A remote-code-execution (RCE) vulnerability affecting Zimbra Collaboration Suite (ZCS) email servers was exploited without valid administrative credentials, unlike previously believed.
The finding come from security researchers at Volexity, who detailed them in an advisory published on Wednesday.
While the RCE issue (tracked CVE-2022-27925) was patched by Zimbra in March 2022, in July and early August 2022 Volexity investigated several instances of victim organizations experiencing serious breaches to their ZCS email servers.
“Initial research into the vulnerability did not uncover any public exploit code, but since a patch had been available for several months, it was reasonable that exploit code could have been developed based on the description of the vulnerability,” read the advisory.
However, one thing that caught the security researchers’ attention was that, in addition to being remotely executable, the vulnerability description clearly stated its exploitation required valid administrator credentials.
“This added a significant level of difficulty for an attacker to successfully compromise a ZCS instance and made mass exploitation unlikely.”
Further investigation from Volexity then showed signs of remote exploitation but no evidence the attackers had the administrative rights needed to exploit it.
“Subsequent testing by Volexity determined it was possible to bypass authentication when accessing the same endpoint […] used by CVE-2022-27925,” Volexity said. “This meant that [the flaw] could be exploited without valid administrative credentials, thus making the vulnerability significantly more critical in severity.”
After disclosing the authentication bypass vulnerability (tracked CVE-2022-37042) to Zimbra, the company issued patches for it at the end of July.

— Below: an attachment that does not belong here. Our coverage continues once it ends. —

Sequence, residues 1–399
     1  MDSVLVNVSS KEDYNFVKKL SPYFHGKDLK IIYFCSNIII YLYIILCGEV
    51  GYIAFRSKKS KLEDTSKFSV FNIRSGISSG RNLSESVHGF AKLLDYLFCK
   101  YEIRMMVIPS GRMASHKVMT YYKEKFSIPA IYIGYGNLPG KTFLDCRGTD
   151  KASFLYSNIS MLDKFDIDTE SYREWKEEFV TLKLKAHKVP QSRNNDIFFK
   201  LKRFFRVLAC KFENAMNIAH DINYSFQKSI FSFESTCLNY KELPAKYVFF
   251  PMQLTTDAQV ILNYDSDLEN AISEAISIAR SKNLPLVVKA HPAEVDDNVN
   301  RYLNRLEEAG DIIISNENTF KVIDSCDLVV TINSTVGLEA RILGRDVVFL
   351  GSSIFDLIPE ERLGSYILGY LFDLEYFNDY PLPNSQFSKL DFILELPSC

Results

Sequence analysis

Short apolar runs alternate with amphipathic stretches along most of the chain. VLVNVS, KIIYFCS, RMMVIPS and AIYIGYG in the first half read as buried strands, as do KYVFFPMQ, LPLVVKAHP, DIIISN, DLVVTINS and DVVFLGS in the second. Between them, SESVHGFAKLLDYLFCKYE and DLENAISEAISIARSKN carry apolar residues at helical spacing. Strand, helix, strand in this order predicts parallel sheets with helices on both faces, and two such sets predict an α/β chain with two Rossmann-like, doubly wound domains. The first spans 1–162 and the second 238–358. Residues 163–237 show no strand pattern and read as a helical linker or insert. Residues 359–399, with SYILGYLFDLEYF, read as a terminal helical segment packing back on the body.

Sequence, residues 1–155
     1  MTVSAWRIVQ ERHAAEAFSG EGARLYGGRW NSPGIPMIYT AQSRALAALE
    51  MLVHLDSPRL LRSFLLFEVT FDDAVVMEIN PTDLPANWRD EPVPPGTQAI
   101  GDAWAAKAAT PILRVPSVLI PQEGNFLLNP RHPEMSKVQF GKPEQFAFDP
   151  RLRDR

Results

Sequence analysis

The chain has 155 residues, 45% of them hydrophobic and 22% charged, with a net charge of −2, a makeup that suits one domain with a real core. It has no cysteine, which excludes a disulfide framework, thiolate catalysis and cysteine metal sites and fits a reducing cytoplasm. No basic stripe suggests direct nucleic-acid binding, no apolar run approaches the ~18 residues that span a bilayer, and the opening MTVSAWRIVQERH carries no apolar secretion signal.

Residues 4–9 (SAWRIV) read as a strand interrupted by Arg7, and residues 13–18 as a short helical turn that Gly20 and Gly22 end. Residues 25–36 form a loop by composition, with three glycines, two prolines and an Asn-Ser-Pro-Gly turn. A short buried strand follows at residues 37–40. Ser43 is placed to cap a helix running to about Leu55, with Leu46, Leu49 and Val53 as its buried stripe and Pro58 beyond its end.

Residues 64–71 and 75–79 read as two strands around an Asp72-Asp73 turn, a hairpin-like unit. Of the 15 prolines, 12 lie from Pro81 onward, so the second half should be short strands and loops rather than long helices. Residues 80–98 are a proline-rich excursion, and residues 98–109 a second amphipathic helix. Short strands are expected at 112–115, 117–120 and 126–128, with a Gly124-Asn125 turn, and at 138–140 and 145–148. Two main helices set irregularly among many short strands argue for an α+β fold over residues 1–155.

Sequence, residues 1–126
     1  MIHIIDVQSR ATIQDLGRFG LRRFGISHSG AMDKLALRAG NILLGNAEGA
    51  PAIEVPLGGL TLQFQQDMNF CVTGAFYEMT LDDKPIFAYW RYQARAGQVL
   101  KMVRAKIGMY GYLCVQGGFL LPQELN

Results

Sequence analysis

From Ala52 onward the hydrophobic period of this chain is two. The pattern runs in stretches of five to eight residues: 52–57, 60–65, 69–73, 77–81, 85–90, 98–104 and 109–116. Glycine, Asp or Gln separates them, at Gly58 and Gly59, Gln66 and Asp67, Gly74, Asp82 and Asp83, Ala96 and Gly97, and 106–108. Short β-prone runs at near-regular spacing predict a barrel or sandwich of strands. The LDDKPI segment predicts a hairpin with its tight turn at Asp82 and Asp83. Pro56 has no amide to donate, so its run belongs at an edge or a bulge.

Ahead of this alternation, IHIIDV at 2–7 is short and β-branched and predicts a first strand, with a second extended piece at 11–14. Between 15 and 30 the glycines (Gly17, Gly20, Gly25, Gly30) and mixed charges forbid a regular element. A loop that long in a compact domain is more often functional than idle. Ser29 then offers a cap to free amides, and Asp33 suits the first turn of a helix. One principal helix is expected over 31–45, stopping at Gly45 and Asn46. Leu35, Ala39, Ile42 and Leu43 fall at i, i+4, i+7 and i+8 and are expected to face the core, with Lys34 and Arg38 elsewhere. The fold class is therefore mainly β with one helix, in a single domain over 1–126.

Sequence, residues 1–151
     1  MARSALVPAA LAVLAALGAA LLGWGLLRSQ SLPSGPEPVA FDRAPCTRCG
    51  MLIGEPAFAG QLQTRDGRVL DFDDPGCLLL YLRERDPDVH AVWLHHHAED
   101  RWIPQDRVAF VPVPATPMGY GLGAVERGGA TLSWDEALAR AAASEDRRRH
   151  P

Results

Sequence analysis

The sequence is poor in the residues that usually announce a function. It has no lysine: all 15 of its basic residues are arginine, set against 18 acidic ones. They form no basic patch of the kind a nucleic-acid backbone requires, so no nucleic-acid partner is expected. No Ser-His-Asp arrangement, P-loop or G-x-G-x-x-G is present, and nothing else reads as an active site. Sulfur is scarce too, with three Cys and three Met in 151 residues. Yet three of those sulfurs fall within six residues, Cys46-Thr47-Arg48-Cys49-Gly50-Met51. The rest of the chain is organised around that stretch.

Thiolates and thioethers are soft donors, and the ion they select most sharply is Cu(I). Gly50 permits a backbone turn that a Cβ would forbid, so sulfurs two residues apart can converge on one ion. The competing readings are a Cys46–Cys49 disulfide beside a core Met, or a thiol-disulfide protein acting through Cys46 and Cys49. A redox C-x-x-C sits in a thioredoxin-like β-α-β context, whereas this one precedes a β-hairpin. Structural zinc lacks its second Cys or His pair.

Still, the Volexity investigation suggested the vulnerability was being mass exploited with the authentication bypass as early as the end of June 2022, and over 1000 ZCS instances around the world being backdoored and compromised.
“These ZCS instances belong to a variety of global organizations, including government departments and ministries; military branches; worldwide businesses with billions of dollars of revenue, etc.“
Volexity said that affected organizations also included a considerable number of small businesses unlikely to have dedicated IT staff to manage their mail servers, and therefore less prepared to effectively detect and remediate an incident.
In order to verify the presence of web shells on a ZCS instance, Volexity suggested companies compare the list of JSP files on a Zimbra instance with those present by default in Zimbra installations.
The company’s mail servers were also under the spotlight at the end of June when a flaw in RARlab’s UnRAR utility was discovered that could be exploited to steal emails from individual Zimbra mail user accounts.